We all instinctively know hearing impairment is not a benign condition. When a child or adolescent is diagnosed with even a mild hearing loss there are multiple programs that can help them get hearing aids – we value their hearing. We all know how important it is for them to be able to hear as well as possible so they can function at their fullest potential, at school, work, and
Yet for some reason, when adults have a hearing loss many people seem to think that it’s nothing to worry about. Most people seem to think that it’s okay to just live with the impairment. However, untreated hearing impairment can have serious consequences.
Hearing impairment contributes to:
- Social isolation
- Depression and anxiety
- Increased hospitalization
- A decline in physical functioning
- An increase in falls –
a mild loss = 3 times more likely to have a history of falling
- Cognitive decline
- Early death
Hearing impairment does not primarily affect the elderly. The majority of people, 50% of women and 64% of men, start to perceive hearing impairment between the ages of 20 to 59 (20% of females and 17% of males are identified as having impairment before the age of 20). And 12% of adults between the ages of 21 – 84 have hearing difficulties even though they have normal pure tone test results. Because we associate hearing loss with old age most people put off dealing with hearing impairment thinking they aren’t “old” enough to have hearing aids. Imagine what would happen if people still thought this way about glasses. Most people think hearing aids just aren’t worth the costs. Hearing loss is usually ignored for years and by the time it is dealt with there are often irreversible complications such as treatment options are limited yet more costly, and outcomes are less satisfactory.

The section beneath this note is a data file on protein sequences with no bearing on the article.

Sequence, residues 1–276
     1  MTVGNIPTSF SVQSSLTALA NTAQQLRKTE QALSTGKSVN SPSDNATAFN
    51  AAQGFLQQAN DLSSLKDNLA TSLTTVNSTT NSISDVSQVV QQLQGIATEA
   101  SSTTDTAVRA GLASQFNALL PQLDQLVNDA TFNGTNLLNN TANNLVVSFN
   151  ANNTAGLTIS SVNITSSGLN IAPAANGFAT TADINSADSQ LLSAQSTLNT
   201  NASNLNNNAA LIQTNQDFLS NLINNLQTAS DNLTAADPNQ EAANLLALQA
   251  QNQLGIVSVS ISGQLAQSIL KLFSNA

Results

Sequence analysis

Hearing impairment is a disease state and not a benign condition. Early diagnosis and treatment of hearing impairment is an important part of limiting its effects upon our mental, emotional, and physical health as well as upon our work and relationships. We need to stop ignoring hearing impairment.
Article Provided by:
Nathan Willard, Hearing Aid Specialist, SoundScape Hearing Aids
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